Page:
Posted: February 7, 2014 in listening, opera, video, websites
Opera singers get a brief mention in one of the online exhibits of the Exploratorium, a science museum in San Francisco.
Now, it IS a really brief mention. And the scientific explanation is somewhat (over?-)simplified. But I guess you could use it to explain opera singer anatomy and acoustics to your kid!
At any rate, I think it’s cool to see opera singers highlighted in a science museum exhibit in any way, shape, or form!
And dude, I think I know that guy in the picture (and yes, he is in the biz…)
Posted: February 7, 2014 in blogs, career, opera, websites
Since I’m working on my résumé at the moment, I thought I’d do a roundup of basic résumé writing resources for singers. Read the rest of this entry »
Bright lights reflecting off of an iPad screen. Credit: CNET
Today I attended a choral concert where my companion and I noticed something rather mysterious. There were these big rectangular reflections on the acoustic shell behind the chorus. And the reflections would move around in a strange and distracting way.
The reflections seemed too odd and random to be an intentional production element with the lighting. And I couldn’t see anything on the set pieces or in the stage lighting that would cause reflections or lights like that.
Could it be caused by something in the singers’ attire? There was nothing in the concert uniforms that would provide an obvious explanation. Watches or other jewelry, perhaps? The reflections were rectangular and big, and even the sopranos I know don’t wear jewelry THAT big. 😉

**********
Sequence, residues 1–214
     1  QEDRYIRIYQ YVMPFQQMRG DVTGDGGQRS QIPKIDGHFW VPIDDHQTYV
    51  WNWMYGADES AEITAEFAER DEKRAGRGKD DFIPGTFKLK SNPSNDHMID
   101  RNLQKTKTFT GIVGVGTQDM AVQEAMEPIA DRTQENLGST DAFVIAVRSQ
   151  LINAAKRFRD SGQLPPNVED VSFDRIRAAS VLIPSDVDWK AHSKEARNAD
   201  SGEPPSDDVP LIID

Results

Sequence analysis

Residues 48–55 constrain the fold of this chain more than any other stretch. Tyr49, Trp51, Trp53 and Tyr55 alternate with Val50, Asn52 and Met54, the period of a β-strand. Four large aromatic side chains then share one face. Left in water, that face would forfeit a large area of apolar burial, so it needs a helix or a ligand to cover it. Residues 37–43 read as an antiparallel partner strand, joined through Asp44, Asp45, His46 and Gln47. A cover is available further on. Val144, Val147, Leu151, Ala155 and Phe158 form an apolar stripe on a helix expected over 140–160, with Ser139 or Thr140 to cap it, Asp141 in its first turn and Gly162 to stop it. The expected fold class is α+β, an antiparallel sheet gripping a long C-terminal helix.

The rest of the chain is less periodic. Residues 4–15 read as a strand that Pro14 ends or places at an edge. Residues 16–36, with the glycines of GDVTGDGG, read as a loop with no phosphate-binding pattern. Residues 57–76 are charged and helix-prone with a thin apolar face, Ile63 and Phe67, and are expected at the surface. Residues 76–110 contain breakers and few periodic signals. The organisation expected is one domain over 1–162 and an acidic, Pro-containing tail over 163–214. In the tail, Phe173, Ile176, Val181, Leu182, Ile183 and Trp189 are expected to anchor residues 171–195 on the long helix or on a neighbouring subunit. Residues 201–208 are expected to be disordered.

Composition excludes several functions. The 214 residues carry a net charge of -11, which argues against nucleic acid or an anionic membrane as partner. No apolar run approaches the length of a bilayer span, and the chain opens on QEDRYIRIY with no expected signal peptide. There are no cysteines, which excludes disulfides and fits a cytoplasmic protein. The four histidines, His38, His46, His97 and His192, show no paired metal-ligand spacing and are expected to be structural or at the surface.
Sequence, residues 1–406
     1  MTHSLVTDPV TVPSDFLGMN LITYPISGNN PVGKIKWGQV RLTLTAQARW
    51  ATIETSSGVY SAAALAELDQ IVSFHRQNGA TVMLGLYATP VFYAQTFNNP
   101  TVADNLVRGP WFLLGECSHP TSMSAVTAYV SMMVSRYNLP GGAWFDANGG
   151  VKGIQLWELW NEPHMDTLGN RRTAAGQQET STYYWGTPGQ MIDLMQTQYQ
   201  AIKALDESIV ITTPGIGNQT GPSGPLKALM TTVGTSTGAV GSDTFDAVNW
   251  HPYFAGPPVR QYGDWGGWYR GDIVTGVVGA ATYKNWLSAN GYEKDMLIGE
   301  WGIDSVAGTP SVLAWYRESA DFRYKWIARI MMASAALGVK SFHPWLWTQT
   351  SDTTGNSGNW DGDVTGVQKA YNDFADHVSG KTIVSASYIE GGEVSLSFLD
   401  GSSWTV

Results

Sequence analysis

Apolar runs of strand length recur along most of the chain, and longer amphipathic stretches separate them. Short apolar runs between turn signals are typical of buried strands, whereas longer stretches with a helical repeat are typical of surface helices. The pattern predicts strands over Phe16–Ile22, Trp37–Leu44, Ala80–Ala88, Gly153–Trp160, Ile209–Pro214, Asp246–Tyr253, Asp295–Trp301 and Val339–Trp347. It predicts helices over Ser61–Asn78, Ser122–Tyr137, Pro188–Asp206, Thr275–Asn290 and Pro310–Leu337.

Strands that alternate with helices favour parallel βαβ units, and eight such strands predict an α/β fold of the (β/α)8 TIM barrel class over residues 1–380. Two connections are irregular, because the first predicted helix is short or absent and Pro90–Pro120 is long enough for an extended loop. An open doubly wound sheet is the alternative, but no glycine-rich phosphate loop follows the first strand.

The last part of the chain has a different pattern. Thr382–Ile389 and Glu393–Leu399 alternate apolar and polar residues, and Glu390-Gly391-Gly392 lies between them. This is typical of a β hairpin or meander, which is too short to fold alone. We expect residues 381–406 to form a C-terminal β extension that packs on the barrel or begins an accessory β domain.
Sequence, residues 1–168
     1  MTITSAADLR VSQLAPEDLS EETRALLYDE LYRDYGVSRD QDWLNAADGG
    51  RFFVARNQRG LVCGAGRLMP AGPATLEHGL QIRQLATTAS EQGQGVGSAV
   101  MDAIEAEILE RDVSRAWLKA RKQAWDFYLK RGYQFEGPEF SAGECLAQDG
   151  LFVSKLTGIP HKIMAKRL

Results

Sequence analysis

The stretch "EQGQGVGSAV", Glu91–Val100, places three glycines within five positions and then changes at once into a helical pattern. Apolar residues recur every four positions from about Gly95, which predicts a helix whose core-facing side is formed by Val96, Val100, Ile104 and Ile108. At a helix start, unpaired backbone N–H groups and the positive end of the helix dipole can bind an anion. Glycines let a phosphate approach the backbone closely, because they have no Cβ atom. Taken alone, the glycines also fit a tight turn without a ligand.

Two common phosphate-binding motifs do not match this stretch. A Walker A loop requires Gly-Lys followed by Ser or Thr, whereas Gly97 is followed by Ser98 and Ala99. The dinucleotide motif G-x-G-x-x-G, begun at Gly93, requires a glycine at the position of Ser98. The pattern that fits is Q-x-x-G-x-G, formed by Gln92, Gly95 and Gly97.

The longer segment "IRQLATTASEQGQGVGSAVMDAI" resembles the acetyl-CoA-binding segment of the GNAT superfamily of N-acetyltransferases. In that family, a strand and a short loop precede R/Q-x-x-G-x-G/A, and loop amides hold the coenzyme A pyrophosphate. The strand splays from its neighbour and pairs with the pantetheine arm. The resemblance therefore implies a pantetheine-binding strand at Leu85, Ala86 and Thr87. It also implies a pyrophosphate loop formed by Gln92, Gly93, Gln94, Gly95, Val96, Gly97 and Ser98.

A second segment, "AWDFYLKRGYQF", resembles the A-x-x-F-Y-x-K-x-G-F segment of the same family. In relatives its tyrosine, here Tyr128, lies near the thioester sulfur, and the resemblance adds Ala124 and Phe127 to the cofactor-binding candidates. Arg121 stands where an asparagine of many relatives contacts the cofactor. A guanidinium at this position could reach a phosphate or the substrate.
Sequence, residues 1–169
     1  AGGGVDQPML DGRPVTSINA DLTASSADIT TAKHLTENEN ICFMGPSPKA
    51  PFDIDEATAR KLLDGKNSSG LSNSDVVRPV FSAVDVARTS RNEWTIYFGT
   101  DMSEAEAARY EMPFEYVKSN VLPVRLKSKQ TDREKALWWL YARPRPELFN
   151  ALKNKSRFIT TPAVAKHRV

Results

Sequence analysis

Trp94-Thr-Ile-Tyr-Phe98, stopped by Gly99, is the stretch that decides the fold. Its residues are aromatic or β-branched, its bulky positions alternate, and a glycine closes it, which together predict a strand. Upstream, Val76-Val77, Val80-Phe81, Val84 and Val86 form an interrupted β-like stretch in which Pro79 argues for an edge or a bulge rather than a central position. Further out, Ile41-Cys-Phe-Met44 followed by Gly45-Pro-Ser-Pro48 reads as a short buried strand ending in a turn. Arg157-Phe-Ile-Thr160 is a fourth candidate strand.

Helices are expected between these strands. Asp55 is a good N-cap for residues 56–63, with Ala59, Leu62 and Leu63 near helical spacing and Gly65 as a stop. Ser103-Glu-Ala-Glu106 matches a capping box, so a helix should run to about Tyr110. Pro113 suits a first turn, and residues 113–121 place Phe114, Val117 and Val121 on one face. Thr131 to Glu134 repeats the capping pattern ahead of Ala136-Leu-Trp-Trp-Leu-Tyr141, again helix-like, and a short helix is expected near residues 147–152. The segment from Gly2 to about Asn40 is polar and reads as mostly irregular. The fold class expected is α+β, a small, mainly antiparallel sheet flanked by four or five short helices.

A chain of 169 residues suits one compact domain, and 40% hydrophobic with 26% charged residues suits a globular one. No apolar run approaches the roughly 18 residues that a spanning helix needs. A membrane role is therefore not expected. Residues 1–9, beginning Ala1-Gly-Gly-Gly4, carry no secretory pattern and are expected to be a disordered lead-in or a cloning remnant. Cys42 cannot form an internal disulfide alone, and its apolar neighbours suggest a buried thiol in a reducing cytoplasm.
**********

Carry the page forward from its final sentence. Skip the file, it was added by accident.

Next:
The mystery was solved when my companion pointed out that the reflections disappeared when the singers put down their choir folders and then reappeared when they raised them again. We deduced that it must be the reflections from the screens of the singers who were using iPads or tablets – of which there were several. The stage lights were very bright, making the reflections fairly prominent.
Unlike onstage iPad face-glow, I don’t know a good fix for this offhand. You can get matte anti-glare films for your tablet screen (here’s the one I use) and they certainly help with readability of the screen under stage lights, but I don’t know if they help with this kind of reflection. But it’s just something to be aware of and to try to avoid – an unexpected side-effect of tablet use onstage, that could add an unintended distraction to your ensemble’s presentation.
Ever since I saw a commercially-manufactured magnetic iPad case that mounts on metal surfaces (the KICMount), I have been interested in trying to make one myself to use on a music stand. The iPad would attach to the music stand securely enough that I wouldn’t have to worry about minor bumps and jostles causing the iPad to crash to the ground. I could also safely pick up the music stand and carry it around while the iPad is on it.
I finally got to try this project – here are instructions on how I did it. This project is easily adaptable to other kinds of tablet cases too. Read the rest of this entry »